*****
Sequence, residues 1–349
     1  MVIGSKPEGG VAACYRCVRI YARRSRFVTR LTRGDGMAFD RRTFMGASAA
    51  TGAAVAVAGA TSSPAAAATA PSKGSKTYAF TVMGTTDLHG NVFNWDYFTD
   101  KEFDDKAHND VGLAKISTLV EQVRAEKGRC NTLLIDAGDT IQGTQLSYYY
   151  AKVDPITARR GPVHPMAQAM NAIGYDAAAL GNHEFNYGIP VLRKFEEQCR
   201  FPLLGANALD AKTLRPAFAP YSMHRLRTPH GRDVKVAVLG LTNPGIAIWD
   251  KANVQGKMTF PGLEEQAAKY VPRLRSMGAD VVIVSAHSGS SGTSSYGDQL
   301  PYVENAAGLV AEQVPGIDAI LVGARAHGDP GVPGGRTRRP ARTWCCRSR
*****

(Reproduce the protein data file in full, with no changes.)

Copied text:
Sequence, residues 1–349
     1  MVIGSKPEGG VAACYRCVRI YARRSRFVTR LTRGDGMAFD RRTFMGASAA
    51  TGAAVAVAGA TSSPAAAATA PSKGSKTYAF TVMGTTDLHG NVFNWDYFTD
   101  KEFDDKAHND VGLAKISTLV EQVRAEKGRC NTLLIDAGDT IQGTQLSYYY
   151  AKVDPITARR GPVHPMAQAM NAIGYDAAAL GNHEFNYGIP VLRKFEEQCR
   201  FPLLGANALD AKTLRPAFAP YSMHRLRTPH GRDVKVAVLG LTNPGIAIWD
   251  KANVQGKMTF PGLEEQAAKY VPRLRSMGAD VVIVSAHSGS SGTSSYGDQL
   301  PYVENAAGLV AEQVPGIDAI LVGARAHGDP GVPGGRTRRP ARTWCCRSR